I mean, one thing at which the Russian lady gymnasts really dominate is expressing a sense of utter, devastating tragedy impending around every corner.

Viktoria Komova, I’m sorry Gabby Douglas made you cry.

Aliya Mustafina, your name makes me want to hiss “Mufasa,” all the time. I’m also sorry about that. Sort of.

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Humans Do This: Steeplechase

I am late for yet another party.

Last week, in all the excitement leading up to both the Olympics, I was expounding on how much I love to watch steeplechasing. I was referring to horses (apparently for the Olympics we are supposed to refer to this as Equestrian Jumping?), which caused mild confusion because, I am informed—oh-my-life—there are humans who steeplechase and this is completely new information to me.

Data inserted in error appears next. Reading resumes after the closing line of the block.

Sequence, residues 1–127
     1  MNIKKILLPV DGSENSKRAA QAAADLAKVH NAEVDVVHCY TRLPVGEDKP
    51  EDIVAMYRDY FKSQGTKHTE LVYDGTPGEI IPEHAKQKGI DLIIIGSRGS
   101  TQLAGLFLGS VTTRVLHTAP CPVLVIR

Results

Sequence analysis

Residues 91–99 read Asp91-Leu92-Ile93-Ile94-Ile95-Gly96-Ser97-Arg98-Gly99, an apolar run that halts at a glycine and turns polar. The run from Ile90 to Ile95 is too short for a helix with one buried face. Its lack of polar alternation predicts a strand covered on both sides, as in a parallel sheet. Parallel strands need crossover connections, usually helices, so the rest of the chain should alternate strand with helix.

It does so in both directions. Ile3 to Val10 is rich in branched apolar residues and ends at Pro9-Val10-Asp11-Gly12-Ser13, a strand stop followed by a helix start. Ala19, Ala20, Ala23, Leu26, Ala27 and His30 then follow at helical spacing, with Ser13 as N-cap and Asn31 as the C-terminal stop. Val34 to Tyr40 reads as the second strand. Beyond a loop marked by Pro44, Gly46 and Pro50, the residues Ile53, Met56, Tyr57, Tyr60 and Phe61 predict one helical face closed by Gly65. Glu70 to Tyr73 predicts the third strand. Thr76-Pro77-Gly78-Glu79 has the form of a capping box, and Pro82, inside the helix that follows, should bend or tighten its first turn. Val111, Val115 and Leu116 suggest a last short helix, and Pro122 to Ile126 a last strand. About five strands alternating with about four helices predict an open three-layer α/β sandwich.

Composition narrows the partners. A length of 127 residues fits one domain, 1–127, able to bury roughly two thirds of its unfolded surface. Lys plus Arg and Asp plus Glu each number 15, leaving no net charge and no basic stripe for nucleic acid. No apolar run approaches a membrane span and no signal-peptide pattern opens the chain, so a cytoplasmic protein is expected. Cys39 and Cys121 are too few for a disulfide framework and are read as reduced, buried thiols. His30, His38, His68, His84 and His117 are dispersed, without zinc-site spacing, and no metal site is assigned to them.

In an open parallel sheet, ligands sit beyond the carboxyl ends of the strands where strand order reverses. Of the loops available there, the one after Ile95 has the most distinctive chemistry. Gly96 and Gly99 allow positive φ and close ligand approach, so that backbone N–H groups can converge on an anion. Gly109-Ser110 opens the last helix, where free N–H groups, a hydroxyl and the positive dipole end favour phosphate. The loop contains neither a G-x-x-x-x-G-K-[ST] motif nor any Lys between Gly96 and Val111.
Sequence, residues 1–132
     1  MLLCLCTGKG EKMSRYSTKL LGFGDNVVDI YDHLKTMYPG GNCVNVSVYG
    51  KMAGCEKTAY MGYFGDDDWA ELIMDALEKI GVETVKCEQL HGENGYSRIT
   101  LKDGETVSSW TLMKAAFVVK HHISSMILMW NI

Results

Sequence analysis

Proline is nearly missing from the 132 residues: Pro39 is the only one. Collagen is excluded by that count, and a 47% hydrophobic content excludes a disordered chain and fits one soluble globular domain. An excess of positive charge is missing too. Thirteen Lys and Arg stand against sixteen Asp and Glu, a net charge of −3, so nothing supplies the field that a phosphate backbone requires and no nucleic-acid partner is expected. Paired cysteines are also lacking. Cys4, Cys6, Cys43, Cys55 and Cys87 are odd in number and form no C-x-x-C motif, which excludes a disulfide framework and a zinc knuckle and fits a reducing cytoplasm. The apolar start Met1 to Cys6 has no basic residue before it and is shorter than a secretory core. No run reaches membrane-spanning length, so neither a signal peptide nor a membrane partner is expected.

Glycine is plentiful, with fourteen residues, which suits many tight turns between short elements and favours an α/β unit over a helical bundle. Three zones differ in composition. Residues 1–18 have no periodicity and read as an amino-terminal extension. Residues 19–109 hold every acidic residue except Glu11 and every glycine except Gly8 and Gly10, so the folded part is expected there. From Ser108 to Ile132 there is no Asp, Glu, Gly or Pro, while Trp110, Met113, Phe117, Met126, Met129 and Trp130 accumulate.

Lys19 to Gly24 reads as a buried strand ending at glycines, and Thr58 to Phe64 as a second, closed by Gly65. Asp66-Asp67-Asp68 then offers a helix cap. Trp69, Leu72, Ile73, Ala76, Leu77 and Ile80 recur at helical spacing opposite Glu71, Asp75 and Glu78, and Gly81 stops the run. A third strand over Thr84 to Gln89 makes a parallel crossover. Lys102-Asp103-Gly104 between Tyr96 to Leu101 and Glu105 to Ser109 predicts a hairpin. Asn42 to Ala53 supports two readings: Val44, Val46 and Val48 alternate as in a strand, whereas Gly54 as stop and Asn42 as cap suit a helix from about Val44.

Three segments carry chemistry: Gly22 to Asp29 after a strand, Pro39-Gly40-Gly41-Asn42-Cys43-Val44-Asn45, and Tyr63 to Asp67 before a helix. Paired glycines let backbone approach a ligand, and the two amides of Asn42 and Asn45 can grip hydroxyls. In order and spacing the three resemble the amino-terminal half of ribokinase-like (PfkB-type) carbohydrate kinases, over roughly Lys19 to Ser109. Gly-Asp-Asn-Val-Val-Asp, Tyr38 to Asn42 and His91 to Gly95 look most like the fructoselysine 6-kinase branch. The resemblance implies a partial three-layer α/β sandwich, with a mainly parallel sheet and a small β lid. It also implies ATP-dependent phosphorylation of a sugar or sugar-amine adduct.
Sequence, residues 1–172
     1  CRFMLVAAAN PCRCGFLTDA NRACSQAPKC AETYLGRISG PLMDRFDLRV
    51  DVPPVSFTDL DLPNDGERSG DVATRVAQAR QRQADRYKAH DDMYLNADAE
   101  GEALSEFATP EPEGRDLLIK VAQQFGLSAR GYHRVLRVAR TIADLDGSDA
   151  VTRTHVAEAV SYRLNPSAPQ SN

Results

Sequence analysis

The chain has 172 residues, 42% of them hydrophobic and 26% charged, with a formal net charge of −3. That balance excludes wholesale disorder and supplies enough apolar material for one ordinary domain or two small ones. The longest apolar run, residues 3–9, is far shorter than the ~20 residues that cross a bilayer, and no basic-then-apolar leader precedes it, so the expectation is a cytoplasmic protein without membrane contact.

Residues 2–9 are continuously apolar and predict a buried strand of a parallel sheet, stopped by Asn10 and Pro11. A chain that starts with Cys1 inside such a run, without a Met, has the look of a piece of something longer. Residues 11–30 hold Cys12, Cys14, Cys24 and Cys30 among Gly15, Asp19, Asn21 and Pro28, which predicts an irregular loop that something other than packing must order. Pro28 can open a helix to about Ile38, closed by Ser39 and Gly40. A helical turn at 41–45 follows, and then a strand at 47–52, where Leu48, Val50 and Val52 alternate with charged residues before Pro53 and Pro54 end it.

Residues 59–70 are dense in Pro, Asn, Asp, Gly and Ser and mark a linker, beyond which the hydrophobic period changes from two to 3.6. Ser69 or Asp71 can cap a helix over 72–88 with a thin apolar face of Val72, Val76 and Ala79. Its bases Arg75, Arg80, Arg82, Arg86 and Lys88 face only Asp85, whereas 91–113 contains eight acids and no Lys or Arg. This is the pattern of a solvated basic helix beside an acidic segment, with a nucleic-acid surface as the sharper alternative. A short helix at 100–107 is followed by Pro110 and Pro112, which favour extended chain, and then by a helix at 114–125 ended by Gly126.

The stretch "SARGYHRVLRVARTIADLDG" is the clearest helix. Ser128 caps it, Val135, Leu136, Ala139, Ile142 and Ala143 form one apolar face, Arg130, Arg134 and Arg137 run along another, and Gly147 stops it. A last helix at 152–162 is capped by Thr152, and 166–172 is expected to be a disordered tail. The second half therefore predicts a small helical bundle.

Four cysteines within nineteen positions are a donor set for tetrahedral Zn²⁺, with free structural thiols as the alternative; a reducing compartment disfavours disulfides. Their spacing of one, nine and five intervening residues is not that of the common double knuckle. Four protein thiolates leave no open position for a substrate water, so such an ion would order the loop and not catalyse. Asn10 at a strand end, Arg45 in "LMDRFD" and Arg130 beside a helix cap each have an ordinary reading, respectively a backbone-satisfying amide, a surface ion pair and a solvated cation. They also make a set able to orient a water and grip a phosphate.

I simply cannot comprehend how I have missed this wonderment over the years of my avid Olympic viewing.

I mean, there are water traps. Why is this a thing? Who declared this as a thing? It’s too amazing to me, and I am so excited about it.

This is what Wikipedia has to say about the history of steeplechasing humans: “The event originated in the British Isles. Runners raced from one town’s steeple to the next. The steeples were used as markers due to their visibility over long distances. Along the way runners inevitably had to jump streams and low stone walls separating estates. The modern athletics event originates from a two-mile (3.2 km) cross country steeplechase that formed part of the Oxford University sports (in which many of the modern athletics events were founded) in 1860. It was replaced in 1865 by an event over barriers on a flat field, which became the modern steeplechase. It has been an Olympic event since the inception of the modern Olympics, though with varying lengths. Since the 1968 Summer Olympics the steeplechase in the Olympics has been dominated byKenyan athletes, including a clean sweep of the medals at the 2004 Games.”